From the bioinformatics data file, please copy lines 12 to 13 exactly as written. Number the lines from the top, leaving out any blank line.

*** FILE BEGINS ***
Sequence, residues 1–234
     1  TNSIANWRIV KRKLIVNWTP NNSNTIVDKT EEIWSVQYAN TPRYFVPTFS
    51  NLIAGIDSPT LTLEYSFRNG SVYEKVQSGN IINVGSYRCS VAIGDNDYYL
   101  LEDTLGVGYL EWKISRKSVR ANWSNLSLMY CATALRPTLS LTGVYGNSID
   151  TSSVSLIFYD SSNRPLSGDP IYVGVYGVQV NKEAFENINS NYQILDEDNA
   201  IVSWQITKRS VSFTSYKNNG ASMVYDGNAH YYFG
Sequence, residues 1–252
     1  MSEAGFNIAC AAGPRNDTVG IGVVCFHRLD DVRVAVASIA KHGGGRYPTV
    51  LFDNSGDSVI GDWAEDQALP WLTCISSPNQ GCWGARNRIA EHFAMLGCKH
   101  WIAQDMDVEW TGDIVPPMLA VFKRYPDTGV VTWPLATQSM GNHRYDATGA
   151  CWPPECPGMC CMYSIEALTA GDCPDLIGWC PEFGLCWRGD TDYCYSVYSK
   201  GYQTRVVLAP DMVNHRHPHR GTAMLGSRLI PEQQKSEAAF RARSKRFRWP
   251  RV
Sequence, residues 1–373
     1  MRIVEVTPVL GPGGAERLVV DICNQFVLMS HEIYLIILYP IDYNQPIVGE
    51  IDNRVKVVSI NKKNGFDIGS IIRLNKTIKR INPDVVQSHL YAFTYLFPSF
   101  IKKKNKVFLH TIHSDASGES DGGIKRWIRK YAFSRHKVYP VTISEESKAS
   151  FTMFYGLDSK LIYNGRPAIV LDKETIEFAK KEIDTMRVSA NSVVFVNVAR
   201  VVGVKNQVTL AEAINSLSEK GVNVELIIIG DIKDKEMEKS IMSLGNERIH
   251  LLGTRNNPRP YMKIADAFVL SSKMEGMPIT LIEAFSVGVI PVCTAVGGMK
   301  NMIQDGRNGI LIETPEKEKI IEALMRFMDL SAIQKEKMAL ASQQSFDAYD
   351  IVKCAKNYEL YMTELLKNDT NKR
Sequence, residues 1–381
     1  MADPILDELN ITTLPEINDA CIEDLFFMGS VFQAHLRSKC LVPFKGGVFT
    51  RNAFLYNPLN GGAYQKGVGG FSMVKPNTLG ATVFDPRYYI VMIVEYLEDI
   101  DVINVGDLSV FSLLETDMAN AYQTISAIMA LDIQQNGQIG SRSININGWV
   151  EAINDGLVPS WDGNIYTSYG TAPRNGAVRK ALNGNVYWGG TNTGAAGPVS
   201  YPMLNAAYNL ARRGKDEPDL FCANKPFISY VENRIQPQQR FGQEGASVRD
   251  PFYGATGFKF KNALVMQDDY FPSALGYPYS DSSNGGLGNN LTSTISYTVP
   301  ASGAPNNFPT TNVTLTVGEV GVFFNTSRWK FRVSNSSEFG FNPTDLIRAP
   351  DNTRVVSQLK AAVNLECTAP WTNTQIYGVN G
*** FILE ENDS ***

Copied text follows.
   201  GYQTRVVLAP DMVNHRHPHR GTAMLGSRLI PEQQKSEAAF RARSKRFRWP
   251  RV